HIV/AIDS in Latin American Countries: The Challenges Ahead

HIV/AIDS in Latin American Countries: The Challenges Ahead

HIV/AIDS in Latin American Countries: The Challenges Ahead

HIV/AIDS in Latin American Countries: The Challenges Ahead

Synopsis

Compared to most countries in Africa and to nearby islands in the Caribbean, most Latin American countries have not faced a full-scale AIDS epidemic-yet. A number of recent trends suggest, however, that if Latin America does not take appropriate prevention measures soon, incidence levels could reach epidemic proportions.Sound and timely policies can limit the current and future impact of HIV/AIDS on Latin American health care systems, economies, and societies. Many countries in Latin America have shown their willingness to address the scope and special nature of the HIV/AIDS problem; since the late 1980s these countries have developed new structures and the groundwork needed for community responses. However, many challenges still lie ahead.'HIV/AIDS in Latin American Countries' presents new and updated information about the extent and trends of the HIV/AIDS epidemic in Latin America; it evaluates current national surveillance capacities, and assesses the national responses of the health sector to the epidemic on a country-by-country basis. Based on analyses of secondary information and on new World Bank sponsored research and country-level data, the study looks at 17 countries: Argentina, Bolivia, Brazil, Chile, Colombia, Costa Rica, Ecuador, El Salvador, Guatemala, Honduras, Mexico, Nicaragua, Panama, Paraguay, Peru, Republica Bolivariana de Venezuela, and Uruguay.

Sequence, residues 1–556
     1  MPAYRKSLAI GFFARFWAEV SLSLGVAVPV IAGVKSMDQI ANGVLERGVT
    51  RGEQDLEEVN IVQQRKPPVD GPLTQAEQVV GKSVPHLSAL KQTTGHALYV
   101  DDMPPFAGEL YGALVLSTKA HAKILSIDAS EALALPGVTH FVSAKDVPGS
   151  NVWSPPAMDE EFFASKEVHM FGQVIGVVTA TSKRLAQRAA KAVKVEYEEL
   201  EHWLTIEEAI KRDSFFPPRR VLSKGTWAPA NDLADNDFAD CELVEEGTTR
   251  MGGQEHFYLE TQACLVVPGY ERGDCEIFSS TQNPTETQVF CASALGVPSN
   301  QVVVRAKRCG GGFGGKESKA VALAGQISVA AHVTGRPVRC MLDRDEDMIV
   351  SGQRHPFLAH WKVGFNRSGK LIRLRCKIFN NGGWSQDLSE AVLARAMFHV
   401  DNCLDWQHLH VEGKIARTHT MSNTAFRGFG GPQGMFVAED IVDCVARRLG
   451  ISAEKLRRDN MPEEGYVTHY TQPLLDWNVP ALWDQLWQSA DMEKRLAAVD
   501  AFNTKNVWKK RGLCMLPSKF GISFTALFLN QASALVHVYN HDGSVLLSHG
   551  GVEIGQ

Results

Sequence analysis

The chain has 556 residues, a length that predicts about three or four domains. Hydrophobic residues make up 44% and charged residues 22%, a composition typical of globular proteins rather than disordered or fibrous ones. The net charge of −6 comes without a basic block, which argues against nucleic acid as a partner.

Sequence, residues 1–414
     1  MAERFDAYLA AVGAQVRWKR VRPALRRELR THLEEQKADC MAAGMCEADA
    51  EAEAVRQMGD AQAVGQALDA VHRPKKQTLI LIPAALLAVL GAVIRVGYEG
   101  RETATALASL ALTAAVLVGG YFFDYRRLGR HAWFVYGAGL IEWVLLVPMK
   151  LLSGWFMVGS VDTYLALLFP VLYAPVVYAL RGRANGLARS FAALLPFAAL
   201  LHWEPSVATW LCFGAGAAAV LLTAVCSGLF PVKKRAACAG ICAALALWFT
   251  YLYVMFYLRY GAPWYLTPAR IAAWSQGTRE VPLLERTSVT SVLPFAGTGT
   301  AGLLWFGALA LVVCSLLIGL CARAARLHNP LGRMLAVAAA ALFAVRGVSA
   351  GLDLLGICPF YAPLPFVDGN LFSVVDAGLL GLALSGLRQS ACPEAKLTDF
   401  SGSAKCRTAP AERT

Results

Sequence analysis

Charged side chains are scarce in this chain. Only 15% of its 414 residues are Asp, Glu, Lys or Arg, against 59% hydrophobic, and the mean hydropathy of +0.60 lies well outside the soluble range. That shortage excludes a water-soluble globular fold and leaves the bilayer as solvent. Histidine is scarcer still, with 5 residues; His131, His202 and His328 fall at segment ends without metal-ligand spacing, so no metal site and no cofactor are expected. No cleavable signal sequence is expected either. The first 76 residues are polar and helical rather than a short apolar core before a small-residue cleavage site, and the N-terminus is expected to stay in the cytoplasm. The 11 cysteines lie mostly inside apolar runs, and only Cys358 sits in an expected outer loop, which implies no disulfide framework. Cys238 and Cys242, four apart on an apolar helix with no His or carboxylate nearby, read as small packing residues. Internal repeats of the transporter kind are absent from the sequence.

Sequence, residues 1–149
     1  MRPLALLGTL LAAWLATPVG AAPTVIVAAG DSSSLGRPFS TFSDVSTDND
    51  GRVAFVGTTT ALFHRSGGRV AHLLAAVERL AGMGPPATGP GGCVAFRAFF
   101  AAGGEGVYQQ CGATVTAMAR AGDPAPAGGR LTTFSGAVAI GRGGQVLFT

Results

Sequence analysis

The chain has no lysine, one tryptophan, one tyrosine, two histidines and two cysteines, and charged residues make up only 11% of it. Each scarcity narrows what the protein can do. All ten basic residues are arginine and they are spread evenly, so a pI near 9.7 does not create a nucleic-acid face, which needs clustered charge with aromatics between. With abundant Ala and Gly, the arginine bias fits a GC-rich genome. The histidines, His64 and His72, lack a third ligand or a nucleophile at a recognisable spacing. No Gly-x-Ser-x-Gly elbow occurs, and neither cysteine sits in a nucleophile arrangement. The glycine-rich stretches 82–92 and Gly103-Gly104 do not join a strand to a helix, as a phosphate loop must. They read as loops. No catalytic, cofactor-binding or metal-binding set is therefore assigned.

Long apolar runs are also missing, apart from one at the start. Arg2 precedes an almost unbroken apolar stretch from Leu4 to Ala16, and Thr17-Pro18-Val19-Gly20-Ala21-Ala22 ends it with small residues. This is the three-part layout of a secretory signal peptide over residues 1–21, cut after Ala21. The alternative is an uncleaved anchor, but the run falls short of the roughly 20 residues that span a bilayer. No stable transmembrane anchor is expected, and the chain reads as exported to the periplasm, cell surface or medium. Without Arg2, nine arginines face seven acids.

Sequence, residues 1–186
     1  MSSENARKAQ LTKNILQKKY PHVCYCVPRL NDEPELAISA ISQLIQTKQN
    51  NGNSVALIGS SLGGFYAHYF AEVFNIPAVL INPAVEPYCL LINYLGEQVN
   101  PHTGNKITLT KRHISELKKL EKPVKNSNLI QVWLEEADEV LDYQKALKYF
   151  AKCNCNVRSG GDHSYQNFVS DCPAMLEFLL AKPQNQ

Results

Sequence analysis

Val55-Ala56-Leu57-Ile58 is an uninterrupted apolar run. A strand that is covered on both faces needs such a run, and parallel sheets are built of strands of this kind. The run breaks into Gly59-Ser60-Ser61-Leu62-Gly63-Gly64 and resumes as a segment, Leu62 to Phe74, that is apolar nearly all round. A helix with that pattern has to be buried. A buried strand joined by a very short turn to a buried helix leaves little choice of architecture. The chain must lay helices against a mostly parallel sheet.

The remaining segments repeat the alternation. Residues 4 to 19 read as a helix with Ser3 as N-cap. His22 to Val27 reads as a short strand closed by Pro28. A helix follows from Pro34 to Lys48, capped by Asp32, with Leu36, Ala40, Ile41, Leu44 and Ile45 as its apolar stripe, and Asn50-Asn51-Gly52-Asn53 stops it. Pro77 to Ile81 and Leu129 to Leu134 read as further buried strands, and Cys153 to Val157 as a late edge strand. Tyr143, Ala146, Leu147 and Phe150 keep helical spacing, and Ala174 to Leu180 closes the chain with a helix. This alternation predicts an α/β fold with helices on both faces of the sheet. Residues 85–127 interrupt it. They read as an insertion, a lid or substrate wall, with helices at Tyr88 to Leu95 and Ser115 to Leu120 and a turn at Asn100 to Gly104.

Excerpt

Compared with most countries in Africa, and with the nearby islands of the Caribbean, many Latin American countries have not faced a fallscale AIDS epidemic. On average, Latin American countries estimate HIV prevalence among 15– to 49–year-olds at 0.5 percent. Around 130,000 adults and children were newly infected with HIV during 2001, and 80,000 died. Although AIDS accounts for only a fraction of all adult deaths in most Latin American nations, those deaths occur in the most productive years of life. There are worrisome signs in several countries in the Region; the disease appears to be evolving—from affecting virtually only the highest risk groups, such as men who have sex with men (MSM) and injecting drug users (IDUs)—to becoming an increasingly generalized problem. Throughout the Region, many behaviors associated with the spread of HIV/AIDS (young age at first intercourse, violence against women, injecting drug use) are commonplace, and with the exception of a small number of countries, the response to the threat of HIV/AIDS has been slow, small-scale, and largely only supported by external agencies and international programs. If the warning signs are heeded, and appropriate prevention measures are taken in the very near future, Latin America has the opportunity to avoid the sad stories seen in other parts of the world.

Sound and timely policies can limit the current and future impact of HIV/AIDS on Latin American health care systems, economies . . .

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